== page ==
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How can you extract strings from messages in NodeJS? Specifically I'm modifying a simple chat room example to accept specific commands from clients.

Example:

sock.on('connection', function(client){
    var s = the string in client.message...
    if(s == "specific string"){
        //do this
    }
    else{
        //do that
    }
});

I'm new to NodeJS and the documentation has been very helpful up till now. If I'm approaching this all the wrong way I'd definitely appreciate alternative solutions. Thanks.

Edit 1: server initialization

serv = http.createServer(function(req, res){
    res.writeHead(200, {'Content-Type': 'text/html'});
    // read index.html and send it to the client
    var output = fs.readFileSync('./index.html', 'utf8');
    res.end(output);
});
// run on port 8080
serv.listen(8080);

Edit 3: I realize that I haven't been specific enough, sorry. Here's a link showing the tutorial I'm following: http://spechal.com/2011/03/19/super-simple-node-js-chatroom/.

Specifically I'd like to create the chatroom supplied in the tutorial (which I've been able to do), and then check the messages that people are broadcasting to each other to see if they contain specific strings.

For example, if a client in the chatroom submitted the string "alpha" (types alpha, presses enter), this string would be broadcasted to all the other clients and the server would respond by broadcasting the string "Alpha has been recieved." to all of the clients as well. My exact problem (to my knowledge) is that I can't do any kind of string comparison with the messages my event listener receives. Is it possible to extract the text entered by my chatroom members from their messages?

share|improve this question

1 Answer 1

up vote 3 down vote accepted

Where is your 'sock.on('data', function(data) {})' handler? I think the HTTP example is actually what you are looking for, listed below.

Example (for TCP Server):

var server = net.Server(function(socket) {
  socket.setEncoding('ascii');

  socket.on('data', function(data) {
    // do something with data
  });

  socket.on('end', function() {
    // socket disconnected, cleanup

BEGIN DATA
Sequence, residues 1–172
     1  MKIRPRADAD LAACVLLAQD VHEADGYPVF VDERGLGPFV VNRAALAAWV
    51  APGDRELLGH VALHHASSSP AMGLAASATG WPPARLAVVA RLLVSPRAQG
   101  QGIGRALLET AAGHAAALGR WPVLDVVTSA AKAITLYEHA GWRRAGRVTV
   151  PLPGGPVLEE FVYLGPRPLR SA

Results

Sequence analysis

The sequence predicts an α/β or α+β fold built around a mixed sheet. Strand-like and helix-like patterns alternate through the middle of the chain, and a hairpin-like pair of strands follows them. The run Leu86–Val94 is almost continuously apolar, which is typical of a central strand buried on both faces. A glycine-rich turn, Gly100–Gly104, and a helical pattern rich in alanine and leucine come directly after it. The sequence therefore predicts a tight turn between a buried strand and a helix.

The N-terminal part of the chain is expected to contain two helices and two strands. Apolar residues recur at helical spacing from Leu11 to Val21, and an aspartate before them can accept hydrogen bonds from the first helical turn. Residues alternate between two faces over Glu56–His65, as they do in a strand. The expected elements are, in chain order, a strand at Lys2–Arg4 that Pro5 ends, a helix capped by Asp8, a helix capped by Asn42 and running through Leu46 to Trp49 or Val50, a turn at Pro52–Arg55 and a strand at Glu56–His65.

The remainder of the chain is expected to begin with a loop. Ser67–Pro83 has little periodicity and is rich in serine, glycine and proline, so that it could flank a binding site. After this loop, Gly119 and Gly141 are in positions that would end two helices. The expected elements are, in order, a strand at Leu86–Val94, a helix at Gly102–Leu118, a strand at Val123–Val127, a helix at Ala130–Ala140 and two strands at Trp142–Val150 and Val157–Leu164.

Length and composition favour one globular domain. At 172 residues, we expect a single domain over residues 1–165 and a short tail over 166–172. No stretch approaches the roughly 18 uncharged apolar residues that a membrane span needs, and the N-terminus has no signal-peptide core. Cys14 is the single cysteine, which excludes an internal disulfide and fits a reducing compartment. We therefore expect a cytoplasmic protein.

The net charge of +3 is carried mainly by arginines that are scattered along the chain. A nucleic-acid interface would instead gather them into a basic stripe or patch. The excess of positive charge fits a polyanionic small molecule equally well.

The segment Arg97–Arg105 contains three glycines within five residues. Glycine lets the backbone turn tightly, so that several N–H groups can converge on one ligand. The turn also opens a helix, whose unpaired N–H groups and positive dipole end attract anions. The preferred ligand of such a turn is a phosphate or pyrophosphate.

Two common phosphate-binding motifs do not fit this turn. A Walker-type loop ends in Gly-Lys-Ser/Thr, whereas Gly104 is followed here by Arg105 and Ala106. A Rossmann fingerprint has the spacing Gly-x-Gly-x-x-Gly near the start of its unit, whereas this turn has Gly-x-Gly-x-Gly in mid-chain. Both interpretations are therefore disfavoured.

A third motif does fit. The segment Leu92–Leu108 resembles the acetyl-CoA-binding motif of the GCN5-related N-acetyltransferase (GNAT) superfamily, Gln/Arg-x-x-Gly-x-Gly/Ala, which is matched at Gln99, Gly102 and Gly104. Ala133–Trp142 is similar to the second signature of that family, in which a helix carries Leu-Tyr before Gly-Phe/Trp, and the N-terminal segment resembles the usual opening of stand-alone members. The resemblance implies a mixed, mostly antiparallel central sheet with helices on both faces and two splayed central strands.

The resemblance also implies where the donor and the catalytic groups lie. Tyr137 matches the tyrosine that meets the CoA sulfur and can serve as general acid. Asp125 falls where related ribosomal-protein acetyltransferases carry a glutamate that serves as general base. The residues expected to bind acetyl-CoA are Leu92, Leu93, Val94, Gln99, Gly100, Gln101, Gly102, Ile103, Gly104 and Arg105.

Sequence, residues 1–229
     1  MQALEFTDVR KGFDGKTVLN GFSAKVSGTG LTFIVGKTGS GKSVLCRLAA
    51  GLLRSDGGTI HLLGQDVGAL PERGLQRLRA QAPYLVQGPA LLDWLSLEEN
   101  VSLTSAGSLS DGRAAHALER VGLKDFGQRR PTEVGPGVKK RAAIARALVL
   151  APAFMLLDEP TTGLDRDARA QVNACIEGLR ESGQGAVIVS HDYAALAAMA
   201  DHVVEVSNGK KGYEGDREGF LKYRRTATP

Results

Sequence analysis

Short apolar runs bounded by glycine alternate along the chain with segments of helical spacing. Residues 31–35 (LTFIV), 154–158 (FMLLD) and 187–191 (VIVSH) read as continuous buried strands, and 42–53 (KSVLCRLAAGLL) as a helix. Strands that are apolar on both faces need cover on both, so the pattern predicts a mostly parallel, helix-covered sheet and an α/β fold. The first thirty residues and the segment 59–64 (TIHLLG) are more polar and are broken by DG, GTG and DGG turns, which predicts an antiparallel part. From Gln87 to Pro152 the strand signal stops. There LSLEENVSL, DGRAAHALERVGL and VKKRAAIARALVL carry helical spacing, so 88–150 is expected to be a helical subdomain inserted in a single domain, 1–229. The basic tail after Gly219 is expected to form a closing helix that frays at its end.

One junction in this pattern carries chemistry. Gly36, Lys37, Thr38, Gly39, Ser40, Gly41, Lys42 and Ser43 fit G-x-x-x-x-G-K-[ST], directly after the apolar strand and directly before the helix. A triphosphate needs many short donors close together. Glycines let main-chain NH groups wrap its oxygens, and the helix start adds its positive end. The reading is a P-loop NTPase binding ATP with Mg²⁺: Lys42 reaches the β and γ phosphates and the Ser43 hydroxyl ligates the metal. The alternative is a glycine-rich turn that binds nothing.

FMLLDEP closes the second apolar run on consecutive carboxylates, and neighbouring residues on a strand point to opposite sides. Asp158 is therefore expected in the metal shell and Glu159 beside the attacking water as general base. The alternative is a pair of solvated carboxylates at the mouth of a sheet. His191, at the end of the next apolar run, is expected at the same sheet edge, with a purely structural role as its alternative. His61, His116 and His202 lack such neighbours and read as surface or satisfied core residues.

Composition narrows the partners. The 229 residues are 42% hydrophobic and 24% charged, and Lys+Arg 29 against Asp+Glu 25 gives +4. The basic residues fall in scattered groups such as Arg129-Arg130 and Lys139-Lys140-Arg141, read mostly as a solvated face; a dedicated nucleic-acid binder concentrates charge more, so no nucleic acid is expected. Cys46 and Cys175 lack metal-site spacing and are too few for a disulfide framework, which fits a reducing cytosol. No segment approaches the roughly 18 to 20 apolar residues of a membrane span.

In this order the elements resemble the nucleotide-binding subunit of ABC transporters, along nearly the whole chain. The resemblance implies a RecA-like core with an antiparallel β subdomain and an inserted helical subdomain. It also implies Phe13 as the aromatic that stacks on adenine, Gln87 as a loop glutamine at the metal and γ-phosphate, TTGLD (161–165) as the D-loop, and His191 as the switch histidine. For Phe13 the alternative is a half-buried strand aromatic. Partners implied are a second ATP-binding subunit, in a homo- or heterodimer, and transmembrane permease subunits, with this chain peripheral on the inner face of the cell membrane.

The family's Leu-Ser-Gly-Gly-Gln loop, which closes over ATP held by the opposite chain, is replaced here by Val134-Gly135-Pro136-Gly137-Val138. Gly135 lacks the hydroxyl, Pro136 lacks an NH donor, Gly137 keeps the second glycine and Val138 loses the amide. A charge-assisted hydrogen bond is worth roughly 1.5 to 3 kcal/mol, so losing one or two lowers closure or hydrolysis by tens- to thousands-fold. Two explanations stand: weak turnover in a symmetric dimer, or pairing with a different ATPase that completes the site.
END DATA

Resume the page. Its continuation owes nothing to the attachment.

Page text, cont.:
});

  socket.on('error', function(exception) {
    // do something with exception
  });
});
server.listen(4000);

Example for HTTP Server:

var http = require('http');
var url = require('url');
var fs = require('fs');

var server = http.createServer(function (req, res) {

  // I am assuming you will be processing a GET request
  // in this example. Otherwise, a POST request would
  // require more work since you'd have to look at the
  // request body data.

  // Parse the URL, specifically looking at the
  // query string for a parameter called 'cmd'
  // Example: '/chat?cmd=index'
  var url_args = url.parse(req.url, true);

  // Should have error checking here...
  var cmd = url_args.query.cmd;

  res.writeHead(200, {'Content-Type': 'text/html'});

  var output;
  if (cmd == "index") {
    // read index.html and send it to the client
    output = fs.readFileSync('./index.html', 'utf8');
  } else if (cmd.length > 0) {
    output = "cmd was not recognized.";
  } else {
    output = "cmd was not specified in the query string.";
  }
  res.end(output);
});

server.listen(8080);
share|improve this answer
    
I'm sorry for my ignorance but I'm not quite sure what your asking me. I'll post what I believe your asking me for in an edit. –  viperld002 Jun 9 '11 at 19:18
    
Oh I think I get what your asking now. Yes my handler function sits outside of and after my server initialization code. It's right after the serv.listen() line. –  viperld002 Jun 9 '11 at 19:36
    
Yeah, the documentation can get a little confusing at times. Hopefully the HTTP example is actually what you were looking for. The Chat example on Node.JS' website is pretty complex but the source seems readable. They use an HTTP server in that example. github.com/ry/node_chat –  j.w.r Jun 9 '11 at 20:10
    
This is informative but not what I was going for. I realize that I need to be more specific, sry about that. –  viperld002 Jun 9 '11 at 21:15
    
The github you linked is actually really really cool. I feel like the solution is supplied within the server/client .js files in the app. I'm going to mark this as the answer and suggest that those who look at this page check the app out as well. Thanks for the help. –  viperld002 Jun 9 '11 at 21:41

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